i have simplex (retrofriction levers)

number6 10-23-05 11:15 AM

for 120mm its five or a Suntour Ultra 6, actually 122 is best for these. For 126 its 6 for a std. spacing freewheel, Ultra 7 needs a bit more and stay relief adjacent to the dropout which the PX does not have.

If you are going to change the freewheel, then threading is less of a problem as one just matches hub and freewheel. Only concern then is that old chains and fresh freewheels often skip under load. Not happy.

Grand Bois 10-23-05 12:40 PM

Are you outside the United States? If not, there's little chance that you have French freewheel threads. Virtually all of the French bikes imported to the U.S. had standard British freewheel threads.

TheOtherGuy 10-23-05 12:58 PM


Originally Posted by Dirtdrop
...Virtually all of the French bikes imported to the U.S. had standard British freewheel threads.

I don't believe that's true. While that may have been the case after about '74, prior to then, most French bikes were quite French...

Grand Bois 10-23-05 04:02 PM

Maybe you'll take Sheldon Brown's word for it:

Freewheels

French thread freewheels used a smaller diameter attachment to the hub. Neither the freewheels nor the hubs are interchangeable with anything else. Fortunately, they are quite rare, virtually all French bicycles sold in the U.S. had standard British/I.S.O. freewheel threads.

dafydd 10-23-05 05:04 PM

i've seen plenty of old french bikes with french threaded hubs, and have a hard time that many people bothered to bring UO-8s direct from france.

number6 10-23-05 06:34 PM

I worked for a shop in the 70's that handled lots of French stuff, Peugeot started to bring in English threaded stuff, (HUBS only starting in 1976, but one was at their own peril if they did not test first.. it was much later (like a decade plus) that things became English or more accurately, ISO which is Very close to English. Motobecane was doing things differently moving to Swiss threading first...The moral of the story, test, don't guess.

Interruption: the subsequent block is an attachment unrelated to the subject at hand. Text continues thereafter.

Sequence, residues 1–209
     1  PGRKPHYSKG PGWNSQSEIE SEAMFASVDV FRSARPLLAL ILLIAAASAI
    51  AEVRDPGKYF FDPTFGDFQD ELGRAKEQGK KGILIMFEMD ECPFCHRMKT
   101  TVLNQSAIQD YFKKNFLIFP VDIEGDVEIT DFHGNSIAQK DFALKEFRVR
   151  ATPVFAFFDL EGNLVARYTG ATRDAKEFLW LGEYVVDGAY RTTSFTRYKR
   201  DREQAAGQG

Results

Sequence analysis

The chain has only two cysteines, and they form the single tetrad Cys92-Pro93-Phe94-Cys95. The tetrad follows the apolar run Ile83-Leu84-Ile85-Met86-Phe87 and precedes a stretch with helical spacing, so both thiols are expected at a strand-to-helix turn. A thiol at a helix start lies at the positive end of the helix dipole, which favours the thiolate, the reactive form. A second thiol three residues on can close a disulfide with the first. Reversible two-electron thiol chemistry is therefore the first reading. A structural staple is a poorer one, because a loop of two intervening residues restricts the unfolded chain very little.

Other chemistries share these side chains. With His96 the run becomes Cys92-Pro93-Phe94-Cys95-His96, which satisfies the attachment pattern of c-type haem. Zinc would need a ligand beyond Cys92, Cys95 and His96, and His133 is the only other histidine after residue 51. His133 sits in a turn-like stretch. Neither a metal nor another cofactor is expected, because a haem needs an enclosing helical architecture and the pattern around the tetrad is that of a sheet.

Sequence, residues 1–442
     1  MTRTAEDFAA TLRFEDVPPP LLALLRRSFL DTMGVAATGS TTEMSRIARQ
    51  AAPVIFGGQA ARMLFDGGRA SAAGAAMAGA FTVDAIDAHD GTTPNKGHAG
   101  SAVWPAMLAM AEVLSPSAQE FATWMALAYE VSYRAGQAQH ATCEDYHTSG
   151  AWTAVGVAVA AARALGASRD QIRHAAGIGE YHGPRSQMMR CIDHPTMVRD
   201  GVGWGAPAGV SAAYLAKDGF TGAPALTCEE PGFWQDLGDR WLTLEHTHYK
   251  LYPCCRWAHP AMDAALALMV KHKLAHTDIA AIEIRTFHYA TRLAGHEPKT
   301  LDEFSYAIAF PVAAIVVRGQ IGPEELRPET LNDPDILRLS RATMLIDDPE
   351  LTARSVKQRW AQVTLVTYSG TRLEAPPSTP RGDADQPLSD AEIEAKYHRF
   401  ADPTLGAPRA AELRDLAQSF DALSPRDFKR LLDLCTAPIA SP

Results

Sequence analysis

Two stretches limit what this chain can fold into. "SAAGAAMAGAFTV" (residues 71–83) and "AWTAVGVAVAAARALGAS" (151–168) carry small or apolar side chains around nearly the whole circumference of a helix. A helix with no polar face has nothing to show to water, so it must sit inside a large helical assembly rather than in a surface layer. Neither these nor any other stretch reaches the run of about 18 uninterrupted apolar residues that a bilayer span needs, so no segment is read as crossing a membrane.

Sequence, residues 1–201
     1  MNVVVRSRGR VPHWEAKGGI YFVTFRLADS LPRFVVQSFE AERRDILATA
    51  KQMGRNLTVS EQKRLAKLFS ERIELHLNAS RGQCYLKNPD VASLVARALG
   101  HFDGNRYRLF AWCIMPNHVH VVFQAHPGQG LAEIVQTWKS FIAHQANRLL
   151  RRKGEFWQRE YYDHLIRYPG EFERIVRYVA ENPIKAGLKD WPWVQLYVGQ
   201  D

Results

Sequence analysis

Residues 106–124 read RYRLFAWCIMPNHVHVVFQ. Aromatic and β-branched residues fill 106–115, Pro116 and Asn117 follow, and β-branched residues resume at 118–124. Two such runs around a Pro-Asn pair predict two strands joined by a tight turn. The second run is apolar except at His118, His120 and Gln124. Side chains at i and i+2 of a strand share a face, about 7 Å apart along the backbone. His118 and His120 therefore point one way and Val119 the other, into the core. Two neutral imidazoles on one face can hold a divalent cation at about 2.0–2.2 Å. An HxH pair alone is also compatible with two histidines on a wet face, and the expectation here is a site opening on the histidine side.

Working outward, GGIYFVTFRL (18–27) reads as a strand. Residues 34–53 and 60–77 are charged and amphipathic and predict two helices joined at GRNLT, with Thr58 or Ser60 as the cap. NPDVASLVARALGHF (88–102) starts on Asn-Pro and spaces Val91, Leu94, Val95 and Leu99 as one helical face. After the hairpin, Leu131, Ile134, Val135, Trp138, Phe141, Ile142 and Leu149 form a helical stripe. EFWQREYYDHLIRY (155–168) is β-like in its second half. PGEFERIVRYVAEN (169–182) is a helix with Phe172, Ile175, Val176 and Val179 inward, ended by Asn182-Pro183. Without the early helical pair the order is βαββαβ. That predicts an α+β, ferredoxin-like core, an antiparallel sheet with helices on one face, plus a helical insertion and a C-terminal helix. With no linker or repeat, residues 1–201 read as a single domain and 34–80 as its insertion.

Grand Bois 10-23-05 07:16 PM

I worked in a Peugeot, Raleigh, Columbia shop in the seventies. I bought the PX-10 they had hanging on the wall. It has Maillard 700 hubs and I just changed from a Regina to a Shimano five speed Hyperglide freewheel, just to see if it shifts better. It seems to, even though the chain is a Regina. I can assure you that the freewheel threads are not French. My early seventies Gitane TdF also has British freewheel threads on the Normandy hubs.

italianbiker 10-28-05 12:51 AM

well i found a nice set of hubs on ebay, problem i see is that they are 24 hole. are the 24 hole rims hard to come by? it seems most of the ones i've seen are 32-36
here is the link of the ones i found

http://cgi.ebay.com/ws/eBayISAPI.dll...i%3D%26fvi%3D1

number6 10-28-05 01:47 AM

24 hole hubs are found more often than 24 hole rims. Locate the rims first in this case. Unlike today's low spoke count wheels, I would leave 24 spoke wheels to the sub 140lb club. Unless its for trips to the coffee house and one wants a gee wizz oogle.

italianbiker 10-29-05 02:03 AM

thanks #6, i didn't think of the wt restriction. very good point. thanks for the heads up